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NWSL players call out Ireland coach Vera Pauw for ‘abusive’ behavior

(Stephen McCarthy/Sportsfile via Getty Images)

Ireland women’s national team coach Vera Pauw was “abusive” and “belittling” to players during her time with the NWSL’s Houston Dash, several former Dash players told The Athletic.

Four former Dash players and three former staff members detailed allegations against Pauw, who coached the club during the 2018 season. Per the former players and staff members’ conversations with The Athletic, Pauw’s behavior included: making comments about players’ weights and eating habits; wanting “total control” over players’ training, meals and injury protocols; making disparaging comments made toward American and English players; and becoming physically aggressive in at least two instances.

The latest allegations come months after a joint investigation conducted by the NWSL and NWSLPA found that Pauw had “shamed players for their weight and attempted to exert excessive control over their eating habits.” The 60-year-old coach denied the allegations and claimed a double standard existed in the investigation.

“If I would have been a man, who would even care about something like that?” she said. “People would say, ‘It is you task to prepare the players to be the best on the pitch.’”

The former Dash players described Pauw as “micromanaging” their food intake and their training, and one former player told The Athletic that the NWSL and NWSLPA investigation did not paint the full picture of Pauw’s tenure in Houston.

“I don’t think (the joint investigation) was anywhere close (to telling the full story),” the player said. “With Vera, it was everything.”

Several people who spoke to The Athletic about Pauw did not take part in the investigation conducted by the NWSL and NWSLPA.

Pauw refuted the latest allegations and instead offered up her own allegations against those within the Dash organization, including an alleged death threat from a staff member due to a change in the training schedule.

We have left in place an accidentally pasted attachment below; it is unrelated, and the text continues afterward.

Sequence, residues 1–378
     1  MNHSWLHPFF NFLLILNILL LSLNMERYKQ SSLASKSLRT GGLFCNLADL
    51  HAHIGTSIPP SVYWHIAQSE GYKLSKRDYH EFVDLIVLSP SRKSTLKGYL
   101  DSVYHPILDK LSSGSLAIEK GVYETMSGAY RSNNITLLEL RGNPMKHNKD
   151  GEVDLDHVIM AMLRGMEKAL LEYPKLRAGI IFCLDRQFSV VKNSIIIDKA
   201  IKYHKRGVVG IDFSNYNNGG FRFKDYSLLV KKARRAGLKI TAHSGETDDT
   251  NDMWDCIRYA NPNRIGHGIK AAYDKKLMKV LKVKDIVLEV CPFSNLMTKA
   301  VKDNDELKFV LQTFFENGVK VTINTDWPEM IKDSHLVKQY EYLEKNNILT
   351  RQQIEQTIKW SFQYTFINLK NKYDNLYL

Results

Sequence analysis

“He threatened to shoot me in the head as I was taking his beer night away,” she said.

Pauw told The Athletic that she reported the incident to the police. But former Dash president Chris Canetti told the publication via email that while the organization “took internal disciplinary actions and other steps to directly deal with a situation regarding an employee,” he did not recall “any external involvement.”

When asked by The Athletic if she wanted “total control” in Houston, Pauw said “completely.” But she questioned why that would be an allegation of abuse.

“I will control the training loads of the players. I want the control that they actually get food. I gave up a lot of hours from the sports scientists – because I could do that myself – to save money to bring in food to take care of the players,” she said. “Injury protocols? That is my job… I am responsible for the health and safety of the players.

“It’s only a woman that can be criticized like that. Do you think Pep Guardiola would get this on his plate?

“Yes, I did that. And I’m proud of that because that’s my job.”

Pauw now coaches Ireland, which is heading into its first World Cup. She is “very happy” with the team, she said. Defender Chloe Mustaki applauded the atmosphere created by Pauw, saying the team has “the highest standards we have ever had in the camp.”